© Shutterstock Oil platform in the Arctic Ocean, extraction of fuel resources

Arctic Oil and Gas Development

As climate change opens new areas of Arctic waters, interest is growing in the oil and gas resources below them.

Oil and Gas Development in the Canadian Arctic

Currently, no offshore oil and gas development can take place in the Canadian Arctic, but this may soon change. In 2016, the Government of Canada, along with the United States, imposed a five-year moratorium on issuing new oil and gas licenses in the Arctic Ocean. The federal government is conducting a broad science-based review of the moratorium on Canadian Arctic drilling, which could be lifted as early as 2021.

© Peter Ewins / WWF-Canada Oil spill response equipment, Arctic Bay, Nunavut, Canada

An Unacceptable Risk

Canada is not ready for oil and gas drilling in our Arctic oceans. The impact of a major oil spill or a well blowout on species and local communities would be catastrophic in the Arctic. Current capacity to respond to a major oil spill in the Canadian Arctic is extremely poor and in many cases, virtually non-existent. Knowledge of how to best respond to oil spills in extreme Arctic conditions is also inadequate and there is no proven method for removing oil from ice.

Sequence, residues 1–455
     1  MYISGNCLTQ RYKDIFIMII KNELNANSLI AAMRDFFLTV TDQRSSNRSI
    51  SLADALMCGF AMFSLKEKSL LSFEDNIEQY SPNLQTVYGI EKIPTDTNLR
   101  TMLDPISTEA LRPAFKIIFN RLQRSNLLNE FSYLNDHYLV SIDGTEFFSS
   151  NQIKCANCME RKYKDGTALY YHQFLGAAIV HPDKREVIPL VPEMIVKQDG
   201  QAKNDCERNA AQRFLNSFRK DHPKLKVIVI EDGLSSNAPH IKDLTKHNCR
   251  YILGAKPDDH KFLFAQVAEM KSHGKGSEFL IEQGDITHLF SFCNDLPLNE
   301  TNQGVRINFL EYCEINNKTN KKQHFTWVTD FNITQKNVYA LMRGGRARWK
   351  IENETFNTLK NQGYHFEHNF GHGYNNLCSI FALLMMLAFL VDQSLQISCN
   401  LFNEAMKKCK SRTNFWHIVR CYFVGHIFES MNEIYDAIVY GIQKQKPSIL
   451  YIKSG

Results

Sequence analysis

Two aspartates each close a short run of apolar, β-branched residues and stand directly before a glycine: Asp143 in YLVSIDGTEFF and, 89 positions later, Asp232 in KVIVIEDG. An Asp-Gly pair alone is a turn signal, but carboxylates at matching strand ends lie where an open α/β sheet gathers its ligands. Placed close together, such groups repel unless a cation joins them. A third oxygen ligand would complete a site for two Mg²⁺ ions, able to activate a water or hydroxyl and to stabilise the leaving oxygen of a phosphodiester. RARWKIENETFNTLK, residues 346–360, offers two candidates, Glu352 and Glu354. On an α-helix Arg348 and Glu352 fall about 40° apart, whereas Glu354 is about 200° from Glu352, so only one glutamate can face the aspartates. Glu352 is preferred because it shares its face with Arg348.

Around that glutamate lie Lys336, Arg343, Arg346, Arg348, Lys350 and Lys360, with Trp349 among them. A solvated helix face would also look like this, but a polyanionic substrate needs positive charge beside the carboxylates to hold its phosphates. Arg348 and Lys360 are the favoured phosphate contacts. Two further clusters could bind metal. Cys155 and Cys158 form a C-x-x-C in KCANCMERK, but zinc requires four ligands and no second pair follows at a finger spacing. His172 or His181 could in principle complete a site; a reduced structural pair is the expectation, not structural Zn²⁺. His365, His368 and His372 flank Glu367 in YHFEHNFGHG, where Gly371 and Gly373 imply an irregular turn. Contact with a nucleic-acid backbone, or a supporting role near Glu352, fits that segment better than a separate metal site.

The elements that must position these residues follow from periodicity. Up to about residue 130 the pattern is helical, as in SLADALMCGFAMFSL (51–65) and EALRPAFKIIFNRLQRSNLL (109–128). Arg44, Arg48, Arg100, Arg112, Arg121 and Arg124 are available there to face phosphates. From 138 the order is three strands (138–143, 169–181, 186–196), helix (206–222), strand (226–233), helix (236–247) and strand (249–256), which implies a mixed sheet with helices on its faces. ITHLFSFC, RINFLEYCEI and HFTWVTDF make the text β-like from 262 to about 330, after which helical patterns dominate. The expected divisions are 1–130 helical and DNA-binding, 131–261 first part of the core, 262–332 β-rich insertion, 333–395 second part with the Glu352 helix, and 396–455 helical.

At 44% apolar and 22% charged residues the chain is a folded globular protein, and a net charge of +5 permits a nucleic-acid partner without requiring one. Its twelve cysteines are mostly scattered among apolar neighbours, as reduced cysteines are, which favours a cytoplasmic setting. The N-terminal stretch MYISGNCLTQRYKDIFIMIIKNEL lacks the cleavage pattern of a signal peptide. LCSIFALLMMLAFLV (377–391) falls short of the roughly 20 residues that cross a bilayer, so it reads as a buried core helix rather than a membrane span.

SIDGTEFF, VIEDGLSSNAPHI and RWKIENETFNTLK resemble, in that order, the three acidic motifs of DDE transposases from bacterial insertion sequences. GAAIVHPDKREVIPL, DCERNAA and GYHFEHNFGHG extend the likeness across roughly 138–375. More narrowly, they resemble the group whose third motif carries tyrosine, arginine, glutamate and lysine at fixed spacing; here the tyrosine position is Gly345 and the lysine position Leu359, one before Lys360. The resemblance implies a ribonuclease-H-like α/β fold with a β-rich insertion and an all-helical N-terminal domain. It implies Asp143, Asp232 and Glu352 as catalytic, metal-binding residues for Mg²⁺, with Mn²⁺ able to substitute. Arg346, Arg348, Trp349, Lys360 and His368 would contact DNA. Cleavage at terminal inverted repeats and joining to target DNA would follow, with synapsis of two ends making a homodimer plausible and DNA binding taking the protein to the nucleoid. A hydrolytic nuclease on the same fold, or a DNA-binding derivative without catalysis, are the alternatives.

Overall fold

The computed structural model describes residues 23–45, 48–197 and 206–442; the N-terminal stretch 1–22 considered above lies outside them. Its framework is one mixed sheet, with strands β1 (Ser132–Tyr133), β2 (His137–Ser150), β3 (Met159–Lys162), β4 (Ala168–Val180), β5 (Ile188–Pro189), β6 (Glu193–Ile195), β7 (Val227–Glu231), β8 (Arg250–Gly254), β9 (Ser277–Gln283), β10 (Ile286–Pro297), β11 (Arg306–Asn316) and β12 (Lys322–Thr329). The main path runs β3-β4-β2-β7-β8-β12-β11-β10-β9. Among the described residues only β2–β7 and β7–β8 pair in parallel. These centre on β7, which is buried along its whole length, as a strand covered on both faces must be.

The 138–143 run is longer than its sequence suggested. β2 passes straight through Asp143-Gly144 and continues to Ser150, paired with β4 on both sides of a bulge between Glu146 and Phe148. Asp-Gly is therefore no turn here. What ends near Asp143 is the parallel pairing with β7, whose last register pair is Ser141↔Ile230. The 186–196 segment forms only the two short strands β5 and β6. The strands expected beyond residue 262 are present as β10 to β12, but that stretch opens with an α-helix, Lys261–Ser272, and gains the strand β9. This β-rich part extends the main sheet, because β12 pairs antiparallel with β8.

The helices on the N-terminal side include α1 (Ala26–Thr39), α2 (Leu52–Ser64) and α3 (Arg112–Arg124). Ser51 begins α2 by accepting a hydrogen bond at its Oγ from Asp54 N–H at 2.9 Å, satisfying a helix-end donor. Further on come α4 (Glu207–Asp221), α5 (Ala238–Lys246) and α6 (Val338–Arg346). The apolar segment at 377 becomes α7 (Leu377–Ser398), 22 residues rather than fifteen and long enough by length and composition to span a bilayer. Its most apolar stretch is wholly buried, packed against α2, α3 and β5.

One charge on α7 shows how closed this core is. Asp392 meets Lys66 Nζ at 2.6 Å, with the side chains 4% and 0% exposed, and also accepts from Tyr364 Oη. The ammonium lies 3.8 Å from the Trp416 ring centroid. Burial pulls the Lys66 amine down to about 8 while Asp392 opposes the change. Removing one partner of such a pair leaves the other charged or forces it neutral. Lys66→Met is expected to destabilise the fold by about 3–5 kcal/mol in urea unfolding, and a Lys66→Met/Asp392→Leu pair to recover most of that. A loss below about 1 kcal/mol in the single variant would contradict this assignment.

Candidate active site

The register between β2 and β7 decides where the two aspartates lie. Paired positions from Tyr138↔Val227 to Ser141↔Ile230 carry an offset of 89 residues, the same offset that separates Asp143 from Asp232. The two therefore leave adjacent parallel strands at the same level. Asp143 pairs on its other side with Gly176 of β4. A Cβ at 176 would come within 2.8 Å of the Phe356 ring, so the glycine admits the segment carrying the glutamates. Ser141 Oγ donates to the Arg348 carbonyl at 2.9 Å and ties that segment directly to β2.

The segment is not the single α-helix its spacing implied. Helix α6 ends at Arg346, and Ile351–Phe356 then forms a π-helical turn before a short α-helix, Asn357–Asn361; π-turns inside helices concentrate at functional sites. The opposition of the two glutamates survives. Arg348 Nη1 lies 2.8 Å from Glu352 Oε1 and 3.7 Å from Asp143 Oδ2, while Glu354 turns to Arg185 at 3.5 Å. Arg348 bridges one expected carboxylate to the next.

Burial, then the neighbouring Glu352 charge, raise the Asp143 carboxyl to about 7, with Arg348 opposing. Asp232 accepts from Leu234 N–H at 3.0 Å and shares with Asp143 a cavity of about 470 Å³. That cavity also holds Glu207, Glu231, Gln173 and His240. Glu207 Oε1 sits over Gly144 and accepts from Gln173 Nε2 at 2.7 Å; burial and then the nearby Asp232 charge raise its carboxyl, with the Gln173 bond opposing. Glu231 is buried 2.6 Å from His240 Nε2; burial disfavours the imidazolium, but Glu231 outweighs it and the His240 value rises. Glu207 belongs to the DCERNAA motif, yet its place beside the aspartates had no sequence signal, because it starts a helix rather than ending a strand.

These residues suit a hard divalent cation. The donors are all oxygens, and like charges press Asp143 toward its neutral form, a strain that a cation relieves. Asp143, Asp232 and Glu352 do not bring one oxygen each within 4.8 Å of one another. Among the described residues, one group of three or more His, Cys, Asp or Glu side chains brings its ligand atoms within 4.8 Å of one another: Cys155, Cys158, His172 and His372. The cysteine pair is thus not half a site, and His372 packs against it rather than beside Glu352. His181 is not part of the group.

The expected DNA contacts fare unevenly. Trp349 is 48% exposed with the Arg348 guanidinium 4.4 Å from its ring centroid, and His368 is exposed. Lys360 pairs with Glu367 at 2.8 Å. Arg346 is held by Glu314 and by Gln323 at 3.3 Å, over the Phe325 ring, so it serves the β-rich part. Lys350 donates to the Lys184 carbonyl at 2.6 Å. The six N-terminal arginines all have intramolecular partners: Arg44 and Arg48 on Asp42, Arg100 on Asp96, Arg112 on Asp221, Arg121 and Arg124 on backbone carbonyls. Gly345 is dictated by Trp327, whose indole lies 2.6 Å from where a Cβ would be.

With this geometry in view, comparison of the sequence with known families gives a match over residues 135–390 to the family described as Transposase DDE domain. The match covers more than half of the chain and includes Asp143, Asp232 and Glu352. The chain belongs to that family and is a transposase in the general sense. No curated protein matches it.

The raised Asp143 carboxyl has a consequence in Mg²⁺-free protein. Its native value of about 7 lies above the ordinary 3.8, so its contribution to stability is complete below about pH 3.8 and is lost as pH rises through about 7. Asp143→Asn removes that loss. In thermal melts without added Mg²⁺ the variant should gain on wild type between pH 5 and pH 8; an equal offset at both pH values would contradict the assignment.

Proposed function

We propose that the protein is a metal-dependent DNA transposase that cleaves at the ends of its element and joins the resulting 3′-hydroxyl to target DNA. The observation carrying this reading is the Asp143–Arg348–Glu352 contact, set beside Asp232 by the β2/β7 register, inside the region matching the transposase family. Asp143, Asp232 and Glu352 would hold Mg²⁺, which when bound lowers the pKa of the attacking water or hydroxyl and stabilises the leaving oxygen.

A blowout is the uncontrolled release of crude oil and/or natural gas from an oil well after pressure control systems have failed. Blowouts can occur above or below water and result in oil gushing into the surrounding waters.

What WWF-Canada is Doing

WWF-Canada is working to ensure that the rules governing offshore oil and gas development are consistent with international best practices for safety, accountability and environmental protection in order to safeguard the sensitive Arctic environment and the livelihoods of local communities.

WWF-Canada has carried out extensive oil spill trajectory modelling in the western and eastern Canadian Arctic, research that can help inform local risk perception, prepare for oil spill response planning, and inform integrated ocean management and planning.

WWF-Canada’s advocacy efforts resulted in the National Energy Board (NEB) requiring all potential offshore oil and gas developments to demonstrate the ability to control a blowout before the winter freeze-up. WWF-Canada continues to advocate that any future offshore oil and gas activity in the Canadian Arctic, should it occur, must avoid areas of heightened ecological significance, be safe for the sensitive Arctic environment, directly benefit local communities, and be consistent with national climate targets.

© Josh Ostroff ice berg in Nunavut

What You Can Do

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© Shutterstock Arctic landscape

Learn More About Our Work in the Arctic

WWF-Canada is planning for an Arctic future that conserves wildlife, establishes direct partnerships with local communities and promotes the responsible development of resources.

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